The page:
Thinking Differently About Staffing Structure

The Westport Public Library Makerspace shows us that the work of a makerspace does not need to be carried out solely by dedicated staff. In fact, in order to find the expertise to manage and facilitate their maker-based learning experiences, the library has had to reach out to a diverse set of people—including some of their youngest patrons. While volunteers, part-time staff and partnerships have allowed them to rethink the staffing structure for the makerspace, the library is well aware that involving a wide array of community members allows the makerspace to thrive.

Facilitating Creatively Without Staff or Space

The Learning Technologies Center at the Science Museum of Minnesota (SMM) knows that lack of full-time staff and dedicated space are not insurmountable barriers to integrating making into an organization’s learning experiences. SMM is able to galvanize enough participation from volunteers to carry out these learning experiences on a regular basis. The growing number of volunteers and their thoughtful assignments to appropriate activities underscores the important role that people, facilitation and interactions have on supporting learning through making. Whether they are demonstrating an activity, explaining, trouble-shooting or providing encouragement, the volunteers provide the backbone of SMM’s maker-based learning experiences.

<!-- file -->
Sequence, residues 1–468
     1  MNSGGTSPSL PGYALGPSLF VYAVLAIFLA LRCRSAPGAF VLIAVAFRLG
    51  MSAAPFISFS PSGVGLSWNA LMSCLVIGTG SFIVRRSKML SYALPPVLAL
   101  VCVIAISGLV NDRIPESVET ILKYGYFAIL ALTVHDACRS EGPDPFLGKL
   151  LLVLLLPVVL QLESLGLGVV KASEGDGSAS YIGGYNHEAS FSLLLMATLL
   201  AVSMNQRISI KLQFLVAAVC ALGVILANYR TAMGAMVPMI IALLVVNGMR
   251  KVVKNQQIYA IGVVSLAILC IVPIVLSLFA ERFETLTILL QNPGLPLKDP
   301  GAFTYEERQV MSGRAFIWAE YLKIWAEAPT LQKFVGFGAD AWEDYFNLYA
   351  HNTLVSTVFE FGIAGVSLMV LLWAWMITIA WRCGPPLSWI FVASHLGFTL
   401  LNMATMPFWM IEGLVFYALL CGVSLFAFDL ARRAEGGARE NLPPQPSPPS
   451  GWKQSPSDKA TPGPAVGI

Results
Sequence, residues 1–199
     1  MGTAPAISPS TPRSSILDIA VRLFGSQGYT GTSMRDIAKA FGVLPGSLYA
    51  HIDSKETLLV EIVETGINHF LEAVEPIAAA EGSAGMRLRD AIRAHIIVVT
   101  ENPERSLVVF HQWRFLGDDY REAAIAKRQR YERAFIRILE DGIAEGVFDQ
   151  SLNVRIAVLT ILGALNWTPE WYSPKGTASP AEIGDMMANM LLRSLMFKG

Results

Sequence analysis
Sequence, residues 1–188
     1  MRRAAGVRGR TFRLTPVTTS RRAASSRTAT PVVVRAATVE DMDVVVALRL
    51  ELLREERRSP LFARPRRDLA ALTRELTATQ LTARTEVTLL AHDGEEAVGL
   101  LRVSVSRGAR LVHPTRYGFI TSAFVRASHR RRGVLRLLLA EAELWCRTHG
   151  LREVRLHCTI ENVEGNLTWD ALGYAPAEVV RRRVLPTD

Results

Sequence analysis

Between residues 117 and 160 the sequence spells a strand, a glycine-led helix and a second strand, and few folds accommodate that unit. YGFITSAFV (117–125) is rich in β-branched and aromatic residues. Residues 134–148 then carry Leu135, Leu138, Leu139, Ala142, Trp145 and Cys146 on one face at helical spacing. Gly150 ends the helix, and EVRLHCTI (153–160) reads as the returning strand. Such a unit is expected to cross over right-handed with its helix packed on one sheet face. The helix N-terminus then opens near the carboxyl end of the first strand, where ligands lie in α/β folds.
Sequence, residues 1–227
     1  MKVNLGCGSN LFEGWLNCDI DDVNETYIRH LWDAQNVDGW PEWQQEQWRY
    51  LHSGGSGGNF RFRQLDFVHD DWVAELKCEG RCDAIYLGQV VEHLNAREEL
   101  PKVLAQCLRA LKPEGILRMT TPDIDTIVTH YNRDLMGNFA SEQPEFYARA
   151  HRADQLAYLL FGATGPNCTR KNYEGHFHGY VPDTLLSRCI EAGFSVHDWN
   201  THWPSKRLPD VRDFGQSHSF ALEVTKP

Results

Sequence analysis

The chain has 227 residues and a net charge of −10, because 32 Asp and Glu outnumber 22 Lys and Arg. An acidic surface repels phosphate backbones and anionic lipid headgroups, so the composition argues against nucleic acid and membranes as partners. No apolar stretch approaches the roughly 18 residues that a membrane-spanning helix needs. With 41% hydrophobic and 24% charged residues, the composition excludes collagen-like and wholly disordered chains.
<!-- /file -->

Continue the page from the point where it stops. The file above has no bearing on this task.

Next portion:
Building the Capacity of Staff to Facilitate Experiences

The work of the Arkansas Discovery Network and the Oklahoma Museum Network provide useful examples of how each educator or museum is not alone in developing their own or their staff’s facilitation capacities. By leveraging the resources of a network, whether it be in-state or across a more remote community of practice, we are able to provide learning opportunities for educators to improve and deepen what it means to support learners of making in museums and libraries.